- Kasit PhiromForeign Minister, Thai Ministry of Foreign Affairs
Tell Thailand to Grant UN Access to Detained Rohingya Refugees
53 Rohingya "boat people" have been detained in isolated Thai prisons since 2009. Their crime? Fleeing brutal persecution in their homeland of Burma. In late January, Thailand nabbed another 158 Rohingya who had survived a harrowing journey on ramshackle home-made boats. Thai officials threw them directly into prison.
Despite the known mistreatment of Rohingya in Burma, the Thai government is refusing to recognize the migrants as refugees. Worse, they are blocking the United Nations High Commissioner for Refugees from visiting the detained Rohingya, thus sequestering them from any legal defense or opportunity for protection.
Under international law, any migrant who can demonstrate a well-founded fear of persecution must be granted refugee or asylum status, which offers ongoing protection in a new land. Burma's oppressive military regime has repeatedly cleansed its country of ethnic groups like the Rohingya--so the detainees' eligibility for refugee status is, in all likelihood, a no brainer.
Tell Thailand it needs to measure up to the basic principles of human rights when it comes to immigration and refugee protection. For starters, Thailand should give the United Nations access to the detained migrants. What are they so afraid of?
- Foreign Minister, Thai Ministry of Foreign Affairs
I am writing to express my deep dismay for your government's ongoing mistreatment of Rohingya asylum seekers, and to demand that you grant the United Nations High Commissioner for Refugees (UNHCR) access to the detainees.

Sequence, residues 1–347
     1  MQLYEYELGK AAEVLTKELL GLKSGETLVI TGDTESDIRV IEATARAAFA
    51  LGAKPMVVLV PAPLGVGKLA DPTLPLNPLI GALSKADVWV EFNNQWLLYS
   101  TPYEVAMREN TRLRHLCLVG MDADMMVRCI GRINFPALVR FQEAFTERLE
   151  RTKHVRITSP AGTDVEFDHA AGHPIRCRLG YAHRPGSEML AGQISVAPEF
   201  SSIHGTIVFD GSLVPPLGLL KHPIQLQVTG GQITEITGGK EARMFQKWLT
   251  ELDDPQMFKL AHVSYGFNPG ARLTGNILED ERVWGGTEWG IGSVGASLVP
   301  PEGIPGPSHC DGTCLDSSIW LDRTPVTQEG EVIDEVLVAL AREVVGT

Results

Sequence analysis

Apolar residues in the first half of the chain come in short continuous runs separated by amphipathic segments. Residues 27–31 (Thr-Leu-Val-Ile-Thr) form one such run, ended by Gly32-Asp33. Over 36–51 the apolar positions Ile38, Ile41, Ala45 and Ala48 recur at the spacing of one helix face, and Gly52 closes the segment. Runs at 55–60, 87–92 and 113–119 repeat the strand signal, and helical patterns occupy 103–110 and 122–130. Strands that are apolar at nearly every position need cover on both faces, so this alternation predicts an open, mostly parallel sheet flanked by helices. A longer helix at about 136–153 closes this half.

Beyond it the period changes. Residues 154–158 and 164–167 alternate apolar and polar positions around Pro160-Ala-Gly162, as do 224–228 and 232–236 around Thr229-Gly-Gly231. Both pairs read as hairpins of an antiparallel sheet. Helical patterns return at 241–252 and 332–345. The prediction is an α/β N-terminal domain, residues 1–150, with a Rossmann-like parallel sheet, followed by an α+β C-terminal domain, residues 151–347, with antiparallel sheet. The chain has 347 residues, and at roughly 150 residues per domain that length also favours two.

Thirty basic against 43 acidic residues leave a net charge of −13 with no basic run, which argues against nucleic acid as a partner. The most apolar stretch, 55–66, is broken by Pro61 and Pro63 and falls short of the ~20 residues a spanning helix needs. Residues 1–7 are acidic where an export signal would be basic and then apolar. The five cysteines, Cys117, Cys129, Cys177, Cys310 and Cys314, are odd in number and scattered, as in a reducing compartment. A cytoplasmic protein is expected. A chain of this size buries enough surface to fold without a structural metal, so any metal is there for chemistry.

As you are well aware, the Rohingya (along with other ethnic minorities in Burma) are severely persecuted by the Burmese military junta. It is well documented that many Rohingya have been systematically driven out from their homelands because of their ethnic identity and desire for political independence. (This is of course also true for the Karen and Karenni, who currently take refuge by the thousands in Thai camps).
Despite this documentation, your government insists that the Rohingya are nothing more than illegal migrants, and refuse to offer them an opportunity to plead their case for protection. Moreover, you are blocking the international community from providing relief and protection to your prisoners, which in and of itself is criminal.
Thailand is gaining a reputation for rampant human rights abuses against immigrants. I, along with many others in the international community committed to human rights, urge you to grant the UN immediate access to the unjustly imprisoned Rohingya. It will be a first step in ending the abusive regime of immigrant abuse in Thailand.
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